Did you ever think of your personal data as an asset like your car or home or investments? If not, think again. In the data broker industry, everything from personal identifying data to social media data to health data is packaged and sold to the highest bidder for annual revenues of almost half a billion dollars per year. That would be $1.76 for every adult 18 and older in the US. But what data is sold? Where is it collected? The following infographic from MBA@UNC looks at the business of data brokers, how they get their data, and what they sell it for.
But this is not the end of the story. Sources of highly detailed and granular information can be very valuable to companies.
Take the digital advertising market. Google and Facebook dominate the digital advertising market by using your data to allow marketers better targeting options. They use the personal data they acquire to enhance users’ experiences and provide more personally relevant services. In addition, online platforms allow businesses to market their products/services to selected audiences, and reduce the noise of irrelevant advertising for those audiences by enabling interest-based advertising that is based on users’ personal data and demographic characteristics.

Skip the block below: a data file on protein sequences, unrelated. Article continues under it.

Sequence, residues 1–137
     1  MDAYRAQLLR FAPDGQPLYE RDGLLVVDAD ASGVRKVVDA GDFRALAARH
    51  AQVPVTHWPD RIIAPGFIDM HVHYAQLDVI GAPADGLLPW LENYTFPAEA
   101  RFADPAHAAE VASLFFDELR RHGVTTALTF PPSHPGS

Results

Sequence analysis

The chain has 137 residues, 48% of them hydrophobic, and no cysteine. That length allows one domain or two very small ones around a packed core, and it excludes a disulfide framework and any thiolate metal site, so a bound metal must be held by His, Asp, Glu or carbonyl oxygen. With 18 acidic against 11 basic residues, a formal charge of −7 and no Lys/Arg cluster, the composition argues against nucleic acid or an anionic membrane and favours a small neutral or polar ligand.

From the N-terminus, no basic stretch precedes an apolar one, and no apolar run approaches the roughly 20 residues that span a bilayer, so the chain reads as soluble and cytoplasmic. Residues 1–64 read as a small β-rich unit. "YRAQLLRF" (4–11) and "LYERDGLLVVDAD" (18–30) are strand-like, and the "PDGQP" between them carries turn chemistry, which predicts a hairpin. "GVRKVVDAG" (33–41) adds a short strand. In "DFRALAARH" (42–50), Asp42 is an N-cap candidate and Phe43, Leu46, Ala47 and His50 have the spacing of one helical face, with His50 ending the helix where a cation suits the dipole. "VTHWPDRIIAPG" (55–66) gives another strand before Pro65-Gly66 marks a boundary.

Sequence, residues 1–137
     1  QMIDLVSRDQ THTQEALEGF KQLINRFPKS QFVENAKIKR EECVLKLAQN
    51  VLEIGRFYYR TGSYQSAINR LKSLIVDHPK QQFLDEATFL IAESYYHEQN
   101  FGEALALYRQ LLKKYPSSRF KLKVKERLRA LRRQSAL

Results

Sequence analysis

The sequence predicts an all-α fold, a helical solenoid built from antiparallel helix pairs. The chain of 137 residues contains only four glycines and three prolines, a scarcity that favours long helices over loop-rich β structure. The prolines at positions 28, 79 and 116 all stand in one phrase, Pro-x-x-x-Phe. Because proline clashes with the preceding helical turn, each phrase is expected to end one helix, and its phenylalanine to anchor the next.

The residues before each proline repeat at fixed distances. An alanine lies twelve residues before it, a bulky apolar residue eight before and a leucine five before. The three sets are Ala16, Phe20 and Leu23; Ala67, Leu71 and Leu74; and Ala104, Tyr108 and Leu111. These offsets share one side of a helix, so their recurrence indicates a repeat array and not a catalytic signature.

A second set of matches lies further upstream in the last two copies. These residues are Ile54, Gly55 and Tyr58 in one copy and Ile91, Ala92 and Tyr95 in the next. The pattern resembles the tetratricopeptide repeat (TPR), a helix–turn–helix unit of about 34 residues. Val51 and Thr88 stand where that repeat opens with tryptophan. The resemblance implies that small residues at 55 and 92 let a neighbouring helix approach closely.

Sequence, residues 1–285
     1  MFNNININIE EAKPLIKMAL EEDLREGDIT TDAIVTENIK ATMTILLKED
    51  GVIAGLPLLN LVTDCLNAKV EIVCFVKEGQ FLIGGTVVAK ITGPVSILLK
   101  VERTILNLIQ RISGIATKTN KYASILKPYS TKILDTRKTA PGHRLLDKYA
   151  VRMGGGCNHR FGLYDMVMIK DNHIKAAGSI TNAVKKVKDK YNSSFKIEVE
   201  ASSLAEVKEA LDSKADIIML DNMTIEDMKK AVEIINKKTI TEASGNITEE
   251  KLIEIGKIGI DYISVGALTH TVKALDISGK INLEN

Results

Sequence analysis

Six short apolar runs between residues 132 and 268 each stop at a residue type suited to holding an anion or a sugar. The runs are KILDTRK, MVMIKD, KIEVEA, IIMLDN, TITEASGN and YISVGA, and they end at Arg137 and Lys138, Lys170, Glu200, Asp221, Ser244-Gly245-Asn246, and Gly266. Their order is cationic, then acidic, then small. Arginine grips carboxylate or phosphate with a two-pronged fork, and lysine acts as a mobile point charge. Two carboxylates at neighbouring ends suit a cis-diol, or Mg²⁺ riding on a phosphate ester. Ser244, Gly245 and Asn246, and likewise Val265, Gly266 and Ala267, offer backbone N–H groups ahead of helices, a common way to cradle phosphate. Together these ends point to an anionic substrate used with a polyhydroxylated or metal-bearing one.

This is a very lucrative market. In 2014, 2013, and 2012, advertising accounted for 92 percent, 89 percent and 84 percent, respectively of Facebook’s revenues. Advertising is also a major revenue generator for Alphabet (Google), contributing more than 90 percent of the company’s total revenue within the last decade. In 2015 advertising revenues reached nearly $76 billion in 2015, or $276.68 for every adult 18 and over in the U.S.
Firms not only pay for data-based advertising on online platforms. They are also actively expanding their user databases and analyzing qualitatively the trends on the demand side. This can lead them to increase their market shares by designing new products and services that better suit consumer preferences.
It is difficult to quantify the added value of such processes for firms. But projections seem to indicate the increasing importance of personal data for private and public organizations.
It’s estimated that in Europe applications built on personal data can provide quantifiable benefits of as much as €1 trillion annually by 2020, with a third of the total accruing to private and public organizations, and two thirds accruing to consumers. This means a benefit for firms of about €330 billion annually by 2020.
Personal data is the oil that lubricates the e-commerce machine. How do you as a consumer feel about that?